Observing the night sky From Earth, we can observe with the naked eye other objects in space: our nearest neighbour, the Moon; our local star, the Sun; the other planets of the Solar System; comets and meteors; more distant stars and nebulae and even other galaxies. More can be seen through binoculars or simple telescopes, but to study in detail these objects or other objects that lie millions, or even billions, of light years away, powerful telescopes must be used.
The night sky
A clear, windless night is the best time to observe space from Earth. On many nights, the Moon is the brightest and largest object in the night sky. Up to 10,000 stars may be visible to the naked eye. All of them belong to the Milky Way Galaxy. From Earth, our view of one of the Galaxy’s spiral arms looks like a misty band across the sky. This is the “milky way” from which the Galaxy takes its name. Up to five planets (Mercury, Venus, Mars, Jupiter and Saturn) can also be spotted. You might also catch sight of a comet. Shooting stars are streaks of light that last usually for less than a second. They are tiny rock fragments, called meteors, burning up high above Earth.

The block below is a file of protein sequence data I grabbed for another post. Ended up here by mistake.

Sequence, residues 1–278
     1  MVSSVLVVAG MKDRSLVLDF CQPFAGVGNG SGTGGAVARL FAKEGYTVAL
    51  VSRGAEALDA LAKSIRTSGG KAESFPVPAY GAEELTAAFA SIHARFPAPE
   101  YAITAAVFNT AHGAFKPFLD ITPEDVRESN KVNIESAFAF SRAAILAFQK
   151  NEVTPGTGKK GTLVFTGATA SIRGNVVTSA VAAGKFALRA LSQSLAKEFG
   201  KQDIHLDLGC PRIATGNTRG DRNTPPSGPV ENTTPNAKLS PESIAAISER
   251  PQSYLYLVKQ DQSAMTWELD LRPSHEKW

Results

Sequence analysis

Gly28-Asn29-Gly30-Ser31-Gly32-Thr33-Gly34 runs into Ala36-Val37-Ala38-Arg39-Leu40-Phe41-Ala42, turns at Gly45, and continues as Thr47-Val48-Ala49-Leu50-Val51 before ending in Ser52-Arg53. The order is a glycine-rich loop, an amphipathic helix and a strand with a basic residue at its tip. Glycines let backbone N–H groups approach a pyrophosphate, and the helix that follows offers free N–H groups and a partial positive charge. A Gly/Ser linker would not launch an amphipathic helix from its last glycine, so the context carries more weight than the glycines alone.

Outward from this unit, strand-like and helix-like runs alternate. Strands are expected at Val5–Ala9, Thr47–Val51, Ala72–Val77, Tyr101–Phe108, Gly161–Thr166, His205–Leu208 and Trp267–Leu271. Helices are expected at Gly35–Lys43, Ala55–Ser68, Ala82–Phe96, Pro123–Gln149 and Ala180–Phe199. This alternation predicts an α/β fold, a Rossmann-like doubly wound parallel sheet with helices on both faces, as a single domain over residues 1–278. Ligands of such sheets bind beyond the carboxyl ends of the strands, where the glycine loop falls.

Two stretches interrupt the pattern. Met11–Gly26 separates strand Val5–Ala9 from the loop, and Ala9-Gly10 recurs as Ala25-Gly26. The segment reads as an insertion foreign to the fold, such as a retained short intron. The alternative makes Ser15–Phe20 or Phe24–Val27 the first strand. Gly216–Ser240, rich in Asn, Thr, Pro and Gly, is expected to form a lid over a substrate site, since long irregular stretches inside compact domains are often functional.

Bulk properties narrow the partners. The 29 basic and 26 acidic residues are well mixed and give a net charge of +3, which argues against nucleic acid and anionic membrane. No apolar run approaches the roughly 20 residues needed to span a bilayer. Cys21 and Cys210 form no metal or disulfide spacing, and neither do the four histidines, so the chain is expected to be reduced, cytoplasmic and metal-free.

The Hubble Space Telescope is so powerful it could detect light from a tiny torch 400,000 kilometres (250,000 miles) away.
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